And, there's something to be said for the discipline it takes to be a student athlete, too. Different types of life lessons. Different forms of self-actualization.

But you go ahead and keep looking down your nose at the choices others make. You are right, after all.

Aren't you?

Re: Club hockey -

I'd say the guy is right. So let's say the kid is good, gets a shot at either the USHL or NAHL but also gets admitted to a top 20 school with a great financial package. The kid might be able to hold their spot at the school but the financial package might not be there. Yeah for sure move on and if you love the game play club. Any parent who says 'oh son, follow your dreams! You're only young once!" is an idiot.

Re: Club hockey -

anon
I'd say the guy is right. So let's say the kid is good, gets a shot at either the USHL or NAHL but also gets admitted to a top 20 school with a great financial package. The kid might be able to hold their spot at the school but the financial package might not be there. Yeah for sure move on and if you love the game play club. Any parent who says 'oh son, follow your dreams! You're only young once!" is an idiot.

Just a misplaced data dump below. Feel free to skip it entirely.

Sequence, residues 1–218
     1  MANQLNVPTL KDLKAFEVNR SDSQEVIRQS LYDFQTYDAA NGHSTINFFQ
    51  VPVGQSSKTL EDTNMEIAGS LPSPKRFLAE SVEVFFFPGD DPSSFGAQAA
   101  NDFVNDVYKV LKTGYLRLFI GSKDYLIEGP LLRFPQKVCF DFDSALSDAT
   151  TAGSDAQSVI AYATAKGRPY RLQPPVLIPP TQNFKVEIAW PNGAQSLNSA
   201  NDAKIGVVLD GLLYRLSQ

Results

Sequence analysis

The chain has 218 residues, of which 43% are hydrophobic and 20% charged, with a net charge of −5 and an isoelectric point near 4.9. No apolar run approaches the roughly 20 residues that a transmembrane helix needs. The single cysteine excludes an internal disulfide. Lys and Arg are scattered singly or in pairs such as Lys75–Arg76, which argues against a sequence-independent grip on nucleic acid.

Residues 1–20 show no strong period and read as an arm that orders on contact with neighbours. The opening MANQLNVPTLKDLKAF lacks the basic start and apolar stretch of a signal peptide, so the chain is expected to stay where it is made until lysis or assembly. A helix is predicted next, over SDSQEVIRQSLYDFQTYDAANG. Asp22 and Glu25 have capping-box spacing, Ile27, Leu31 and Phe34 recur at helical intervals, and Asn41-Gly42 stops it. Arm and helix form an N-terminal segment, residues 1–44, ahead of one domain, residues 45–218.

Truly sad how many parents assess the whole college thing based on $$$.

Guess you missed the entire 10 year bull market, eh?

Re: Club hockey -


So then something like this comes across my screen and it reminded me of this thread. Kid plays two years of Juniors, played in both the playoffs and 'Top Prospects Tournament,' did some time in the NAHL, 64 points in 34 games (really?) and he ends-up at D-III St. Mary's University -

St. Mary's University of Minnesota is a private institution that was founded in 1912. It has a total undergraduate enrollment of 1,503, its setting is city, and the campus size is 350 acres. It utilizes a semester-based academic calendar. St. Mary's University of Minnesota's ranking in the 2019 edition of Best Colleges is Regional Universities Midwest, 50. Its tuition and fees are $35,110 (2018-19).